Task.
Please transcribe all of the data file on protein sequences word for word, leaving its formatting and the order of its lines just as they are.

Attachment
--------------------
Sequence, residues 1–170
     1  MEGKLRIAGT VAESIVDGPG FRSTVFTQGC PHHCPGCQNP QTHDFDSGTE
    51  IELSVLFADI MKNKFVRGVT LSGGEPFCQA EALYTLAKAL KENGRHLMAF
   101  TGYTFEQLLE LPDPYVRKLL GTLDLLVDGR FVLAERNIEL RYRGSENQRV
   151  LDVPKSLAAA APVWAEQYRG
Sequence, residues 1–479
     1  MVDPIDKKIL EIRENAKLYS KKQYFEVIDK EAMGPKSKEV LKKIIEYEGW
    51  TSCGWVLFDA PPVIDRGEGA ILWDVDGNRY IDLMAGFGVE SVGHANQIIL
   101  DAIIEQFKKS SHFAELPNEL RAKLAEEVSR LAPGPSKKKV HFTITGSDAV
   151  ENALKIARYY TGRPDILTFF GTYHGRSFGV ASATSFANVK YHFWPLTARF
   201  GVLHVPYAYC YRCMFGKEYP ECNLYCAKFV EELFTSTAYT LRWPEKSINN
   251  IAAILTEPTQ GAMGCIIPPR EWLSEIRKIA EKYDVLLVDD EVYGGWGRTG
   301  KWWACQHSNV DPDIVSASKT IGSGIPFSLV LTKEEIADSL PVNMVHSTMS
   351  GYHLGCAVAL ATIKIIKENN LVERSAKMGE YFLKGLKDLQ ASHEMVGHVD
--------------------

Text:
Sequence, residues 1–170
     1  MEGKLRIAGT VAESIVDGPG FRSTVFTQGC PHHCPGCQNP QTHDFDSGTE
    51  IELSVLFADI MKNKFVRGVT LSGGEPFCQA EALYTLAKAL KENGRHLMAF
   101  TGYTFEQLLE LPDPYVRKLL GTLDLLVDGR FVLAERNIEL RYRGSENQRV
   151  LDVPKSLAAA APVWAEQYRG
Sequence, residues 1–479
     1  MVDPIDKKIL EIRENAKLYS KKQYFEVIDK EAMGPKSKEV LKKIIEYEGW
    51  TSCGWVLFDA PPVIDRGEGA ILWDVDGNRY IDLMAGFGVE SVGHANQIIL
   101  DAIIEQFKKS SHFAELPNEL RAKLAEEVSR LAPGPSKKKV HFTITGSDAV
   151  ENALKIARYY TGRPDILTFF GTYHGRSFGV ASATSFANVK YHFWPLTARF
   201  GVLHVPYAYC YRCMFGKEYP ECNLYCAKFV EELFTSTAYT LRWPEKSINN
   251  IAAILTEPTQ GAMGCIIPPR EWLSEIRKIA EKYDVLLVDD EVYGGWGRTG
   301  KWWACQHSNV DPDIVSASKT IGSGIPFSLV LTKEEIADSL PVNMVHSTMS
   351  GYHLGCAVAL ATIKIIKENN LVERSAKMGE YFLKGLKDLQ ASHEMVGHVD